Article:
I'm a bit late to the party...got carried away making graphics for illustration, ended up writing as much code to generate the graphics as I did during contest time Messed around with python turtle graphics library and got some interactive simulation for Wondev working One in which you play as the enemy! \o/
Still figuring out how to isolate it to read/write to other processes tho...the version I have now has my bot's python code embedded inside it XD I will however, upload it once it's ready
Wood -> Gold
Only had time to work on this contest during the weekends this time round...almost didn't make it to legend >.<
The ~200 lines of python I rushed out on the first weekend surprisingly got me from Wood I to Gold
Unsophisticated but somewhat effective
Some observations I made watching replays:
- Try to climb higher
- Prefer move to 3
- Build higher
- Don't waste time building higher than you can climb to
- E.g. On 1, building 2 -> 3 would incur a penalty
- When moving from 3 -> 3, build lower (maximize time spent jumping around at height 3)
- When I have to build a 3 -> 4, I pick the one that gives maximum floodfill area
- That is: max accessible area when I run a BFS on the resulting state (allowing my bot to play a decent end-game)
My early focus was on point-scoring and MOVE&BUILD action, not paying much attention to PUSH&BUILD. Even so, by scoring moves according to the above naive rules, my bot climbed straight from Wood to Gold league...
Gold -> Legend
Climbing to legend required some more sophisticated code haha Tried my hand coding a minimax for this but by the end of Saturday, I was so swamped with bugs, I made the switch back to my heuristic code from the previous weekend.
Made the shift from point-scoring to area control like many others and finally reached Legend on Sunday evening with 2 major improvements to my code.
After some debugging whilst generating the graphics, I now hesitate to call it 'enemy tracking'...more like scoring for 'best' enemy position.
The approach my bot took to tracking enemies was simply to overlay possible moves (from previous turn's predictions) against cells from which the enemy is able to build at the detected grid.
So in the above image, enemy was at (3, 6) then moved to (2, 7) and build at (1, 7). Pardon the turtle resting in the corner, she's tired from drawing all those squares...
Green are the cells the enemy needs to be to build at (1, 7).
Red are possible positions the enemy could've moved to from possible locations tracked the previous turn.
Yellow are the overlapping cells (predicted enemy locations this turn).
Darker shades of yellow and red are previous turn's predictions.
It becomes obvious that this won't work after a few moves where all 8 adjacent cells around the build location could've been moved to from the previous turn's guessed locations. However, with some filtering and cases of enemy pushes, the possibilities can be narrowed down.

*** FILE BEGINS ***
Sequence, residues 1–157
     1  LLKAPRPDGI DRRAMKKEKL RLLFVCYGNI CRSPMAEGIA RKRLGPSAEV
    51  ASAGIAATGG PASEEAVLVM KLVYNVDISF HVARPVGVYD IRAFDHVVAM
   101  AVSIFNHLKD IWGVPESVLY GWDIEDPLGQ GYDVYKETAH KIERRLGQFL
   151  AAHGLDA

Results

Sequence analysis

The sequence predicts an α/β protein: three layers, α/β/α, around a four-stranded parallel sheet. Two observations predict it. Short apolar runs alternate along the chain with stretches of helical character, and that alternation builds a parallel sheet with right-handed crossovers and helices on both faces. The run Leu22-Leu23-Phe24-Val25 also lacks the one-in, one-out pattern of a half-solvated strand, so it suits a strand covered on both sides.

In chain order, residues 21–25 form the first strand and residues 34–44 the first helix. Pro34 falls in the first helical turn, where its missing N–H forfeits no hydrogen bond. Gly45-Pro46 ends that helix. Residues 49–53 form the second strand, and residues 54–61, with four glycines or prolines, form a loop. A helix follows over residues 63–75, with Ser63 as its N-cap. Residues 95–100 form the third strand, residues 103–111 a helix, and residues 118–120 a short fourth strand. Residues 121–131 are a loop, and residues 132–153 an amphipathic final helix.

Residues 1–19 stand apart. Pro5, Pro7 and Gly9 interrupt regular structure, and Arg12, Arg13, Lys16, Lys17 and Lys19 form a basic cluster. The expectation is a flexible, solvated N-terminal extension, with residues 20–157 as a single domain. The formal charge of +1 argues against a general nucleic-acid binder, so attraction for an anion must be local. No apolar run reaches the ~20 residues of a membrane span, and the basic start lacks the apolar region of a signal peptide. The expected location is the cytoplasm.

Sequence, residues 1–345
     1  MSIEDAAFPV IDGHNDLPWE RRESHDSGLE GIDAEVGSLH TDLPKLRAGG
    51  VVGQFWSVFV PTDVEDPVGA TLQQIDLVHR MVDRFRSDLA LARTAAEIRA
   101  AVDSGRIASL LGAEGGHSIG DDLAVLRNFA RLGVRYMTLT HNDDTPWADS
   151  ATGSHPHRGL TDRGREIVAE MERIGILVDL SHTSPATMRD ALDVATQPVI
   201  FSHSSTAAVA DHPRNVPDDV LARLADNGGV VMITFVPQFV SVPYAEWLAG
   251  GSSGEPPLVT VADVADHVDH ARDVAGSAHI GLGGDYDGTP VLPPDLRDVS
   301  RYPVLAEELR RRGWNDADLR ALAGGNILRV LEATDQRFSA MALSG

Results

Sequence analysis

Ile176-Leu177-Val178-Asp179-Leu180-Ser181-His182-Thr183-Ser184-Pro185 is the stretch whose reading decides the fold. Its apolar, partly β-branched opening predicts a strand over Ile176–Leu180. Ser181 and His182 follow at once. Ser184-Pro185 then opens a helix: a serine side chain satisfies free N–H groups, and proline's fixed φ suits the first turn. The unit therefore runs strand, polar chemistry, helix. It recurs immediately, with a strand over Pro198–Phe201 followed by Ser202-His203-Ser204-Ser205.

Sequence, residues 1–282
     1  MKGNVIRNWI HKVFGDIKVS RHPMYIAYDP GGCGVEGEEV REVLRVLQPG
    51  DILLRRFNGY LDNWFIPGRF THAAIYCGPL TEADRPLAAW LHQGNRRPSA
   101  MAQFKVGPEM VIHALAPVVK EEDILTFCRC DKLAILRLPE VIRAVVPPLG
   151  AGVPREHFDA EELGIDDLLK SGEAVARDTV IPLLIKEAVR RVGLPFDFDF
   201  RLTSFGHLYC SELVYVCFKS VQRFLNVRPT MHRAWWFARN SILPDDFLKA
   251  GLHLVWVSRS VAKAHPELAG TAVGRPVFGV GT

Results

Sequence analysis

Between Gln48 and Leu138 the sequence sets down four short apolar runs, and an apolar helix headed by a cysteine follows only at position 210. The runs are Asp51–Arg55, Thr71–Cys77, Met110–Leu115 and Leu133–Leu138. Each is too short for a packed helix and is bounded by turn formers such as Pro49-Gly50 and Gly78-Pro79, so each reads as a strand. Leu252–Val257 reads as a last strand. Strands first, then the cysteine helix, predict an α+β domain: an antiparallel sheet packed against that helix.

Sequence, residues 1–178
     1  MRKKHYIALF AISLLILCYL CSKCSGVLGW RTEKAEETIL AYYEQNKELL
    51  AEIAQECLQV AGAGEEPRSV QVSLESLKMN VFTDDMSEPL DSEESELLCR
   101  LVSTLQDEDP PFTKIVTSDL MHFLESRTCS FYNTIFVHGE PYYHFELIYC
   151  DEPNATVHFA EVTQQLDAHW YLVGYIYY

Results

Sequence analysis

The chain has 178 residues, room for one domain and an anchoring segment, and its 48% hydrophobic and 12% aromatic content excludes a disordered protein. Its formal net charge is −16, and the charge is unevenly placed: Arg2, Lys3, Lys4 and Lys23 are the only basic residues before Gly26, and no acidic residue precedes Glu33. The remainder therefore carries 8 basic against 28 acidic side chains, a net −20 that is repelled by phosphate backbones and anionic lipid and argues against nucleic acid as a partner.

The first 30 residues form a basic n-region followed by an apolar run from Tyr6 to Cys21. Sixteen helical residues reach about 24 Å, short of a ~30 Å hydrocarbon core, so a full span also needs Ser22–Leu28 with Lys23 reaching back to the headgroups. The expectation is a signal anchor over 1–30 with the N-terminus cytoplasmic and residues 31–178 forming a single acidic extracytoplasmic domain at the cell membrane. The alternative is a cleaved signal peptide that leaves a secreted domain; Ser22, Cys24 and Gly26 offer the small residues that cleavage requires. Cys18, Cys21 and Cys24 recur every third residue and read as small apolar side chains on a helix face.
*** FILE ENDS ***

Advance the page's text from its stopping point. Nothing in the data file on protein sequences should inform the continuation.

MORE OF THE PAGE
- When (-1, -1) is read for enemy position, it provides information on where the enemy is not. Namely, the cells adjacent to your units.
- When pushed, the enemy could be in 1 of 3 locations that gives the valid push-angle.
So with these two additional methods of filtering in conjunction with the above 'tracking', my bot was able to decrease the number of possible enemy locations. Using this set of possible locations, I then did a positional scoring on each of them and picked the top as the guessed enemy location to be used for the rest of my turn.
The secret to area control and why we want to track enemy positions. For each move, I generate a voronoi diagram on the resultant state and a large portion of the score for that move is based on the ownership of the cells.
In this example, Red is where my enemy is, Green is where my unit is. Based on these locations, I run a stepwise BFS alternatively on my units first, then the enemy's, taking into account the validity of each move (cannot climb higher than 1, cannot move onto other units). I then split the cells into 3 categories, self_control -> green, en_control -> red, contested -> yellow.
Contested cells are cells that take the same number of moves to get to by either player. Even though I can reach these cells first (you always make the first move), I scored them lower than cells in self_control since I could be pushed from these cells by the adjacent enemy.
To make my bot more aggressive, I gave a bigger penalty to enemy controlled cells, so it will try to cordon off the enemy and trap them. With this addition into my scoring function, my bot finally made the jump from Gold into Legend
First off, congratulations to the top 3!!! The score difference in this contest is drastic...even though minimax was the way to go, seems like they nailed the implementation details and scoring functions just right
Thanks to CodinGame team for another great contest! This contest was more to the likes of Code4Life, maybe intentionally so based on positive feedback? Nonetheless, the boardgame-like nature of this contest is at least similar to that in c4l.
Looking forward to when multiplayer comes out, would be good to properly implement minimax and enemy tracking on this